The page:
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For the home that apparently doesn't have everything - an interactive Triceratops


July 20, 2011

Hammacher Schlemmer is now selling a 20 foot-long interactive animatronic Triceratops, for US$350,000

Hammacher Schlemmer is now selling a 20 foot-long interactive animatronic Triceratops, for US$350,000

"You know what your living room needs? A giant animatronic Triceratops." Should an interior designer ever offer you this advice, well, now you know where to find such a beast. Fancy goods-seller Hammacher Schlemmer is now offering a 20 foot (6 meter)-long, 1,345-pound (610 kg) model of everyone's favorite three-horned dinosaur, that moves and growls when human gawkers trigger its motion sensors. Its price tag might scare more people than its fearsome countenance, although at US$350,000, it's probably still cheaper than cloning your own real Triceratops from amber-encased dinosaur-blood-filled mosquitoes.

The models being offered are based on a single original unit, created for an animatronic dinosaur exhibit that took place last May in Chicago. The copies will be built on a per-order basis by Japanese robotics company Kokoro, utilizing interactive software created by Texas-based KumoTek Robotics.

At the heart of the Triceratops is a steel and aluminum frame, covered with a polyurethane foam body and textured silicone skin. Motion-activated cameras in each eye, working with hexacore processors and KumoTek's software, allow it to recognize the facial features of multiple human subjects and then track their movements. Depending on what its observers do, the dinosaur will respond by doing things such as swaying its head in up to four directions, stomping and scuffing its right front leg, or opening its mouth and growling via an internal 1,000-watt speaker. Its movements are made possible through a series of digitally controlled servos and silent, pneumatic air-activated cams.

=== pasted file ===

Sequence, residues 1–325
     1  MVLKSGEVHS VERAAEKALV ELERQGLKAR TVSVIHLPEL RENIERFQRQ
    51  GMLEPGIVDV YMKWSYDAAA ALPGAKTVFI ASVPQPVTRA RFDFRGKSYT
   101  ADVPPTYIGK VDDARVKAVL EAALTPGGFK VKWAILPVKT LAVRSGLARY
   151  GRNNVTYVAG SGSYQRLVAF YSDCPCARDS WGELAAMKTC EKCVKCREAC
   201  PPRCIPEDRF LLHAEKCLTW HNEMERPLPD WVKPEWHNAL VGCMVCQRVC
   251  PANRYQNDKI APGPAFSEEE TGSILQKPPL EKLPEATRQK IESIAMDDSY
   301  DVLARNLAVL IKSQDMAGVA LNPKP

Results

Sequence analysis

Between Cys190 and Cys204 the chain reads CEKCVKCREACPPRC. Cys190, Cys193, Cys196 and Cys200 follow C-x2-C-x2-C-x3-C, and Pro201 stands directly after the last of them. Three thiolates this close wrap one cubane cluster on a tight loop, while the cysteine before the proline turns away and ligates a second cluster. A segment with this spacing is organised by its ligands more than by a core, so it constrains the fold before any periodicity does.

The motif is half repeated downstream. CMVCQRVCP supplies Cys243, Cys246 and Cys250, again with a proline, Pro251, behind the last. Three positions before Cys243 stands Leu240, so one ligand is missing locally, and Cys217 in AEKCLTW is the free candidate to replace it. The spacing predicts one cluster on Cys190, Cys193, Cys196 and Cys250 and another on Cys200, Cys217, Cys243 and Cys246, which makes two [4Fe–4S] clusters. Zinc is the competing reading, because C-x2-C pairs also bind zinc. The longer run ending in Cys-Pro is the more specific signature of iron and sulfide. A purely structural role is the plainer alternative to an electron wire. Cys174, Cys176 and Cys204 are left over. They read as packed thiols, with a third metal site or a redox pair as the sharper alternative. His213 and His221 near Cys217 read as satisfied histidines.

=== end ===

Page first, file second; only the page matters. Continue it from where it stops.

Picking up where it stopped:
Before sending Hammacher Schlemmer your 350 grand, however, you'll probably want to see the beast in action. To do so, just check out the video that the Chicago Tribune posted on last year's exhibit - the Triceratops comes in at about the 50-second mark.

About the Author
Ben Coxworth An experienced freelance writer, videographer and television producer, Ben's interest in all forms of innovation is particularly fanatical when it comes to human-powered transportation, film-making gear, environmentally-friendly technologies and anything that's designed to go underwater. He lives in Edmonton, Alberta, where he spends a lot of time going over the handlebars of his mountain bike, hanging out in off-leash parks, and wishing the Pacific Ocean wasn't so far away. All articles by Ben Coxworth
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